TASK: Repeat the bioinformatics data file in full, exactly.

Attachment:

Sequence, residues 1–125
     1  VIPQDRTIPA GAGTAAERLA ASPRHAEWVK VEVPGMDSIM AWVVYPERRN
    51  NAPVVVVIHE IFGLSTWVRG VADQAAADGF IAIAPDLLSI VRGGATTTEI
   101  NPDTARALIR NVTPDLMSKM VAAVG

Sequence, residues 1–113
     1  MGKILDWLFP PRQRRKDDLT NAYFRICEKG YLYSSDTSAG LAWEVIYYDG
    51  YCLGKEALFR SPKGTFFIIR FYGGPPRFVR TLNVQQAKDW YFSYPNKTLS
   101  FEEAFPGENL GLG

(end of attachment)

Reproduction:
Sequence, residues 1–125
     1  VIPQDRTIPA GAGTAAERLA ASPRHAEWVK VEVPGMDSIM AWVVYPERRN
    51  NAPVVVVIHE IFGLSTWVRG VADQAAADGF IAIAPDLLSI VRGGATTTEI
   101  NPDTARALIR NVTPDLMSKM VAAVG

Sequence, residues 1–113
     1  MGKILDWLFP PRQRRKDDLT NAYFRICEKG YLYSSDTSAG LAWEVIYYDG
    51  YCLGKEALFR SPKGTFFIIR FYGGPPRFVR TLNVQQAKDW YFSYPNKTLS
   101  FEEAFPGENL GLG